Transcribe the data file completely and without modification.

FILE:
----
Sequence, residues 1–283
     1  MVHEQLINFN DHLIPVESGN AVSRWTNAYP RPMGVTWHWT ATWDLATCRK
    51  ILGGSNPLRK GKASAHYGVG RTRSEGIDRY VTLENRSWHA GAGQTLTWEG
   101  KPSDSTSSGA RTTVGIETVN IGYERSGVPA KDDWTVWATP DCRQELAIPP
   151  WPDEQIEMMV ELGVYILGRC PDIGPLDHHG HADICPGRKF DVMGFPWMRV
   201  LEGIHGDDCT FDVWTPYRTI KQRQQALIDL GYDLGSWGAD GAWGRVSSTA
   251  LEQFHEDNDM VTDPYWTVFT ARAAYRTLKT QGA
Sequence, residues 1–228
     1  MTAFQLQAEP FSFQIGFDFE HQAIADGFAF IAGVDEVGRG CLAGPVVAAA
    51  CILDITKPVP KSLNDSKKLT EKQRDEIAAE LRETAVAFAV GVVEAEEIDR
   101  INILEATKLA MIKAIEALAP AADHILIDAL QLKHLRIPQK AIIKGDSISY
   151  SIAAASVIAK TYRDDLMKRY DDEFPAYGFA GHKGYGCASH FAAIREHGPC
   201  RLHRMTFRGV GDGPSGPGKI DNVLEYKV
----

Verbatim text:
Sequence, residues 1–283
     1  MVHEQLINFN DHLIPVESGN AVSRWTNAYP RPMGVTWHWT ATWDLATCRK
    51  ILGGSNPLRK GKASAHYGVG RTRSEGIDRY VTLENRSWHA GAGQTLTWEG
   101  KPSDSTSSGA RTTVGIETVN IGYERSGVPA KDDWTVWATP DCRQELAIPP
   151  WPDEQIEMMV ELGVYILGRC PDIGPLDHHG HADICPGRKF DVMGFPWMRV
   201  LEGIHGDDCT FDVWTPYRTI KQRQQALIDL GYDLGSWGAD GAWGRVSSTA
   251  LEQFHEDNDM VTDPYWTVFT ARAAYRTLKT QGA
Sequence, residues 1–228
     1  MTAFQLQAEP FSFQIGFDFE HQAIADGFAF IAGVDEVGRG CLAGPVVAAA
    51  CILDITKPVP KSLNDSKKLT EKQRDEIAAE LRETAVAFAV GVVEAEEIDR
   101  INILEATKLA MIKAIEALAP AADHILIDAL QLKHLRIPQK AIIKGDSISY
   151  SIAAASVIAK TYRDDLMKRY DDEFPAYGFA GHKGYGCASH FAAIREHGPC
   201  RLHRMTFRGV GDGPSGPGKI DNVLEYKV